Back | Programme Area: Gender and Development (2000 - 2009), Special Events (2000 - 2009)
Gendering Migration, Livelihood and Entitlements: Migrant Women in Canada and the United States
The United States and Canada have long histories of large-scale migration, and they continue to welcome large flows of legal immigrants. Women make up an increasing proportion of these international flows. In both countries, the majority of legal immigrants are eligible for full citizenship rights and entitlements, with rapid or automatic access to both political rights and labour markets, although stratified entitlements are present for temporary and irregular migrants, and in the realm of social provision. Formally, women partake of these rights equally with men, but gender inequality persists both in government policy and in labour markets. In both countries, moreover, recent political and policy environments are influenced by neoliberal ideological principles, contributing to changes in migration policy, labour markets and social provisions that make female migrants increasingly vulnerable to structural inequalities.
In the first part of the paper, migration regimes in the two countries are compared. Women are entering both countries in increasing numbers, though still primarily as dependants of men. Changes to migration policy that increasingly favour admissions of highly educated migrants have been enacted more extensively in Canada; entry in high-skill “economic” categories now exceeds entry through the humanitarian categories of family reunification and refugee asylum. Admission requirements that emphasize human capital penalize women who come from countries in which resources are highly concentrated in male hands. In the United States, humanitarian category entries still predominate, although high-skill temporary entry increasingly functions as a “back door” route to permanent status. In the realm of refugee admissions, changes in rules that govern refugee selection have increased gender sensitivity in Canada, but the numbers affected remain low. In both countries, numbers of migrants within temporary categories of entry have increased over the last decade. Women are present in temporary categories that encompass both high and low skill streams, with very different prospects depending on labour market location. Recent policy initiatives in both countries propose the granting of temporary status to irregular migrants; such proposals have the potential to move North American migration regimes closer to European “guest worker” models, even as these models have proved untenable in Europe.
Next, gendered work environments are examined. In the United States and Canada, deregulation of labour markets has reinforced gendered occupational hierarchies in which immigrant women often hold disadvantaged places. While immigrant women, including those from the developing world, are present among highly skilled workers, they are also disproportionately visible at the bottom rungs of stratified service, retail and manufacturing sectors. Similar patterns are evident with respect to unemployment, underemployment, working conditions and earnings. Diminished social entitlements that emphasize private provision of care provide abundant, but also precarious, employment opportunities, while increasing women’s burdens within their own families. Lack of recognition of credentials acquired abroad by licensing bodies is a serious issue in Canada, contributing to deskilling and underemployment among immigrant women. In both countries, affirmative action and employment equity legislation that seeks to oppose and redress labour market discrimination based on race and sex has been hobbled by waning political commitment, limited enforcement, and restricted reach.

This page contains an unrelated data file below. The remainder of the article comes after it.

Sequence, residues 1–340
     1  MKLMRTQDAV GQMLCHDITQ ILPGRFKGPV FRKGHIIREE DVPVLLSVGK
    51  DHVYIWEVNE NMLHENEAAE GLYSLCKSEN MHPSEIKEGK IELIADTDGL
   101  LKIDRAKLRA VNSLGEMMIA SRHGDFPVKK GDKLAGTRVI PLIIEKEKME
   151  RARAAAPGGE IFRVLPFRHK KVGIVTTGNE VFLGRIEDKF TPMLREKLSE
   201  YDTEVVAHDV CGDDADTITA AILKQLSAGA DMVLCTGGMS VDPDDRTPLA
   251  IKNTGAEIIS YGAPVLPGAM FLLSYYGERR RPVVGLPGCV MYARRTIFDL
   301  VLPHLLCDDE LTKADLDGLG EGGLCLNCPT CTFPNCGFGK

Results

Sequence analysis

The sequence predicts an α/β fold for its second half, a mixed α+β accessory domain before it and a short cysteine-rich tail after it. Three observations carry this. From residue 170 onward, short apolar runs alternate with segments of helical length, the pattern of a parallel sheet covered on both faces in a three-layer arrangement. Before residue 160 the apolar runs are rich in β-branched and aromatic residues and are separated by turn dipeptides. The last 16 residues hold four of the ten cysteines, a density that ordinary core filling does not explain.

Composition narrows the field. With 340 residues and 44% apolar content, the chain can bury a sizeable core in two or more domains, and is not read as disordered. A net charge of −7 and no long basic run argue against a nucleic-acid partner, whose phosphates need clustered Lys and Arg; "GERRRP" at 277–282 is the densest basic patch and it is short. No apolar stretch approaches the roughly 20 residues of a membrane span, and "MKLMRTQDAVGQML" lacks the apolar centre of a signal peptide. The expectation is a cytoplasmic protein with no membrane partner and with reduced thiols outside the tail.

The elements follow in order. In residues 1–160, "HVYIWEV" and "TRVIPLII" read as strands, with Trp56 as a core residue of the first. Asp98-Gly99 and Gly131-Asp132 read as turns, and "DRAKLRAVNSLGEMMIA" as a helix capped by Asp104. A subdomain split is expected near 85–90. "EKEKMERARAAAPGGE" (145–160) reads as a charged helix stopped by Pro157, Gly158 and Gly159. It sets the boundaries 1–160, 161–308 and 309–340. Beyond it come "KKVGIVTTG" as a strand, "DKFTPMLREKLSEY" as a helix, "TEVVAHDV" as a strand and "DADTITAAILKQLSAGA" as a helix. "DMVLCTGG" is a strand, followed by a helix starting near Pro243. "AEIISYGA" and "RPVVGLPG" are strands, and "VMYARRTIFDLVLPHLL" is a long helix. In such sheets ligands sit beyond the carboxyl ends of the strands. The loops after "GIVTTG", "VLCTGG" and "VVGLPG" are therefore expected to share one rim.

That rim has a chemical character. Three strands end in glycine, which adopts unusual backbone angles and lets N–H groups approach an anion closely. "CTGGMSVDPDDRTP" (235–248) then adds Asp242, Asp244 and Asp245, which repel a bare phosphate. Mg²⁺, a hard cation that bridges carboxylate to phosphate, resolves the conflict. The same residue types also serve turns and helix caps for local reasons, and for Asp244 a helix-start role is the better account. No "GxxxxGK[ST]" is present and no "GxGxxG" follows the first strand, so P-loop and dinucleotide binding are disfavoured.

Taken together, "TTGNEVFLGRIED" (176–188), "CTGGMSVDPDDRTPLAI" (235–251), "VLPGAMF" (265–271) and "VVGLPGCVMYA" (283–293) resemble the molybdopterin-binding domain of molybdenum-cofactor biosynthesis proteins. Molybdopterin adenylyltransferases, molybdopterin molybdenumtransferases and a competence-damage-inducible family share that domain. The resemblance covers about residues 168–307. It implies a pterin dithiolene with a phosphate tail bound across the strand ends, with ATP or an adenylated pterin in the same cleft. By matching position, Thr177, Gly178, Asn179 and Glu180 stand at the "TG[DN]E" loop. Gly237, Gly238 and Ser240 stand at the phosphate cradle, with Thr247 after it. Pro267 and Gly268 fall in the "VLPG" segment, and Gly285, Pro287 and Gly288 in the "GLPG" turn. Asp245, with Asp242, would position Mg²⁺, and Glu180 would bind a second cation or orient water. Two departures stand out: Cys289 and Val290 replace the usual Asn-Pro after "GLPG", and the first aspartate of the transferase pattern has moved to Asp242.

Social entitlements are examined in the final section of the paper. In the realm of settlement services, devolution and decentralization of services have relocated responsibility from federal governments to state and provincial governments, which frequently partner with businesses and non-governmental organizations. Despite changes that recognize women’s greater need for language instruction in Canada, funding has remained static since the mid-1990s. One area of diminished entitlements for immigrants that particularly affects immigrant women is eligibility for pensions. Although small, universally awarded pensions are given to the elderly in both countries, migrants who work at home, in informal sectors, or who enter the country late in life are frequently ineligible for government pension plans that are work-related. It is in the United States that stratification of social benefits is most marked, largely as a result of two features of US welfare state provision. The first is the largely private health care system, in which the poor are often uninsured and must rely on means-tested Medicaid benefits, or pay cash for expensive medical care. The second is changes to social assistance that deny welfare access to single, non-working mothers, limit lifelong access to welfare to five years, and deny welfare completely to legal permanent residents who have not become legal citizens. In both countries, the erosion of social provision associated with neoliberal emphases on government fiscal austerity and a reliance on market provision of services is disproportionately felt by the poor, and especially poor immigrants with educational or language deficits. Combined with
deregulation of labour markets, such changes both undermine commitment to principles of economic redistribution in North America, and threaten the well-being of women who migrate to these countries.
- Publication and ordering details
Pub. Date: 14 Jul 2005
Pub. Place: Geneva